351 F2d 280 Cox v. United States

351 F.2d 280

Robert G. COX, Appellant,
UNITED STATES of America, Appellee.

No. 18039.

United States Court of Appeals Eighth Circuit.

October 8, 1965.

Robert G. Cox, pro se.

F. Russell Millin, U. S. Atty. and John Harry Wiggins, Asst. U. S. Atty., Kansas City, Mo., for appellee.

Before VAN OOSTERHOUT and MEHAFFY, Circuit Judges, and VAN PELT, District Judge.



This is an appeal by Robert G. Cox, hereinafter called defendant, from final order denying his 28 U.S.C.A. § 2255 motion filed May 6, 1965, without an evidentiary hearing upon the basis that the files and records show defendant is entitled to no relief.


The basic issues raised by defendant on this appeal may be thus summarized: (1) Defendant's arrest was illegal. (2) An illegal search and seizure was made at defendant's home and seized items were used as evidence against him at his trial. (3) The court erred in refusing to order the return to the defendant of the seized personal property. (4) The court erred in refusing defendant the right to face his accusers.


Before discussing the issues raised, we will briefly set out the history of this litigation. Defendant Cox was charged by grand jury indictment with receiving stolen goods valued at more than $5,000 which were part of an interstate shipment, in violation of 18 U.S.C.A. § 2314, and in another count, defendant was charged with conspiracy with others to commit such offense. Upon trial to a jury, he was convicted and sentenced to ten years on the charge first named and to five years on the conspiracy count, the sentences to run concurrently. His conviction was affirmed upon appeal. Cox v. United States, 8 Cir., 284 F.2d 704. Certiorari was denied. 365 U.S. 863, 81 S.Ct. 831, 5 L.Ed.2d 825. Defendant was represented at his trial and upon appeal by employed counsel.


Defendant previously has filed a § 2255 motion raising grounds other than those here urged. Such motion was denied. We affirmed. Cox v. United States, 8 Cir., 309 F.2d 614. Our previous opinions set out in considerable detail the background of this litigation and detailed repetition here would serve no purpose.


The legality of defendant's initial arrest has no bearing upon the validity of his conviction. Subsequent to the arrest, defendant was indicted, arraigned, pleaded not guilty, and was tried to a jury. No question was raised as to the validity of the arrest at such trial.


Complaint of illegal arrest is not a proper matter to be considered on a § 2255 motion. Such issue can only be properly presented and determined at the trial resulting in the conviction or upon direct appeal from such conviction. Warren v. United States, 8 Cir., 311 F.2d 673, 675; Washington v. United States, 8 Cir., 292 F.2d 452, 453.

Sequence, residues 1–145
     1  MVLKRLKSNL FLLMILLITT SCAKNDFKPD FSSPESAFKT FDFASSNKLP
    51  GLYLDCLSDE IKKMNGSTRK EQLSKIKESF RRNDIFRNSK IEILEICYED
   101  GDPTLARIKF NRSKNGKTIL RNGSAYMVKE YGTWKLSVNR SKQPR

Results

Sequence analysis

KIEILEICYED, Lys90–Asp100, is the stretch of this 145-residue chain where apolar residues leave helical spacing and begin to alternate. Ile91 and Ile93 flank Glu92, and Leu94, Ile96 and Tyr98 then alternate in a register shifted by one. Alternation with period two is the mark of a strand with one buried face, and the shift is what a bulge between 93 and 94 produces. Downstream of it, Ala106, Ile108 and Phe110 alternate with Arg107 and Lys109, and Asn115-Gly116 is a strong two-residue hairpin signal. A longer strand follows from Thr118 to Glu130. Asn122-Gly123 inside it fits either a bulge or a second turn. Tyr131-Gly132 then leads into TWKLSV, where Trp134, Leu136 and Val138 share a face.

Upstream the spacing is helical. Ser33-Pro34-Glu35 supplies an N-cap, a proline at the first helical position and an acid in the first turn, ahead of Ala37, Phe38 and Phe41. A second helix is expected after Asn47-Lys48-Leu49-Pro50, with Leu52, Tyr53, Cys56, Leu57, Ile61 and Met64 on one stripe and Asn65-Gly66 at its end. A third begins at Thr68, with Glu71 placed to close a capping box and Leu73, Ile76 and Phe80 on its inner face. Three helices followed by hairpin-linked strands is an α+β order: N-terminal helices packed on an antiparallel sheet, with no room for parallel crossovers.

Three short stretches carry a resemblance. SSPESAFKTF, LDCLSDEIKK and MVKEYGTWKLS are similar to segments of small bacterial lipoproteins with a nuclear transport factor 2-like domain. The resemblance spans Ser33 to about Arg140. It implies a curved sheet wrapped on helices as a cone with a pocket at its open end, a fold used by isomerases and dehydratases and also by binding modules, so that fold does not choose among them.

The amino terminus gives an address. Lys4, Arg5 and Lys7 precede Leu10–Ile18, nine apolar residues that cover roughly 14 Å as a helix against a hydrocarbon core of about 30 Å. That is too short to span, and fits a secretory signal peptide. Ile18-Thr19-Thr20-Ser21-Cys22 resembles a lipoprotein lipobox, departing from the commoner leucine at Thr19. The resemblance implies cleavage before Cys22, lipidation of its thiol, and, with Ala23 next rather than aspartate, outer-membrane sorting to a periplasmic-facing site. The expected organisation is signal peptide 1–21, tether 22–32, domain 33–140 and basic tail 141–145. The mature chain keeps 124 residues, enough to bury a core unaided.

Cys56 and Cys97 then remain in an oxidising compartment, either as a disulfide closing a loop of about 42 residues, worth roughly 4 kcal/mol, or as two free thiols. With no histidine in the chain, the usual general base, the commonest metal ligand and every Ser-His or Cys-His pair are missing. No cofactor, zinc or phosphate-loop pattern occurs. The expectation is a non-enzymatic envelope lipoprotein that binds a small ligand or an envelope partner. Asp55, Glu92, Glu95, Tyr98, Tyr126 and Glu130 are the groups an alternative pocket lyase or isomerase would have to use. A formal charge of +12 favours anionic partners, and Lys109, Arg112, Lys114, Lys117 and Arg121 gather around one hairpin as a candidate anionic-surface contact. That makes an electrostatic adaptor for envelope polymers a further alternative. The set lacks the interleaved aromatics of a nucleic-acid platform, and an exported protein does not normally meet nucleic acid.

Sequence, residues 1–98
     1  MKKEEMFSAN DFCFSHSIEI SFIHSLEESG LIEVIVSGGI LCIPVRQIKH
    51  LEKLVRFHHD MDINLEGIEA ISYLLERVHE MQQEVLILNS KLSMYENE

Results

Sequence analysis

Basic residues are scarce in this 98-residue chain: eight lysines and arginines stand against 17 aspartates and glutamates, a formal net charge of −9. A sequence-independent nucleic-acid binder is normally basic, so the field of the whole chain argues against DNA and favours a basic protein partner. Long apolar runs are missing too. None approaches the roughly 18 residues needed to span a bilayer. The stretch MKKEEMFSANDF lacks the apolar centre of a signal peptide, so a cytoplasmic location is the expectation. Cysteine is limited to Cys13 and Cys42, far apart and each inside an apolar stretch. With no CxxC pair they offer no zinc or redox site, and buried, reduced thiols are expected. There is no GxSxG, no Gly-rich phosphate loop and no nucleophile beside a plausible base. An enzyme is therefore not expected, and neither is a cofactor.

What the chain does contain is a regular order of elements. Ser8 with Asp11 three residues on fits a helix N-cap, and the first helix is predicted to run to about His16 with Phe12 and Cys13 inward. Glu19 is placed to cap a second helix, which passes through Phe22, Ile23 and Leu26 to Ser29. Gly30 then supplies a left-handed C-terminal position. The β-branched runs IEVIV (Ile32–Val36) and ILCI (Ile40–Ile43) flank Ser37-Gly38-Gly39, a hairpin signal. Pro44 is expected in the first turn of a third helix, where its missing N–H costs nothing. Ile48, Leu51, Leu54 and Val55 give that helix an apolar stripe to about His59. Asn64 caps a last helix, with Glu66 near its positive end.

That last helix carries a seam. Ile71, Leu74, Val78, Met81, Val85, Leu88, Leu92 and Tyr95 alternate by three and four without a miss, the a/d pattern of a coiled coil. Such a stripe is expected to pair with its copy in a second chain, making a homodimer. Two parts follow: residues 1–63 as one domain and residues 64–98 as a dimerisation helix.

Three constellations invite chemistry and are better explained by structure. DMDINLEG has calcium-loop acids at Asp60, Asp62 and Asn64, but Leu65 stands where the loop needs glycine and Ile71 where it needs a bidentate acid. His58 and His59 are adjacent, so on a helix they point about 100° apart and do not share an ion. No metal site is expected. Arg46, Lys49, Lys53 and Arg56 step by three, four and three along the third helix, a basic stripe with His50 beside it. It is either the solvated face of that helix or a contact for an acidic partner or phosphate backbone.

Likewise, the illegal search and seizure issue cannot be considered on a § 2255 motion where, as here, the circumstances of the search and seizure were fully known to the defendant at the time of his trial resulting in his conviction. In Springer v. United States, 8 Cir., 340 F.2d 950, 951, we said:


"It is abundantly clear that at the time of the introduction of the claimed tainted evidence Springer was fully aware of the manner in which the records were obtained, however, Springer and the other convicted offenders failed to raise the illegal search and seizure issue in their appeal from the judgment of conviction. This leads us to once again observe that a § 2255 proceeding does not serve the office of an appeal. Butler v. United States, 340 F.2d 63 (8 Cir. 1965) and cases there cited; Glouser v. United States, 296 F.2d 853, 856 (8 Cir. 1961). And it is settled that the question whether evidence was seized illegally ordinarily may not be successfully raised in a proceeding which constitutes a collateral attack on the sentence, but must be presented in the appeal from the conviction."


See Peters v. United States, 8 Cir., 312 F.2d 481, 482; Warren v. United States, supra.


The search here was made pursuant to a search warrant issued by a United States Commissioner. Defendant cannot in this collateral proceeding raise the issue of the validity of the search warrant.


Other issues raised by the defendant clearly lack merit and require no detailed discussion. A hearing upon defendant's right to recover possession of property is not within the scope of a § 2255 motion. Section 2255 confers no jurisdiction upon the court to adjudicate such issue.


Defendant's confrontation point deals with defendant's desire to question officers with respect to the sworn statements which they made to obtain the arrest warrant and the search warrant. No claim is made that defendant was not confronted at his trial with the witnesses offered to establish his conviction.


The files and records show defendant is not entitled to the relief he seeks. The trial court properly denied the motion without granting an evidentiary hearing.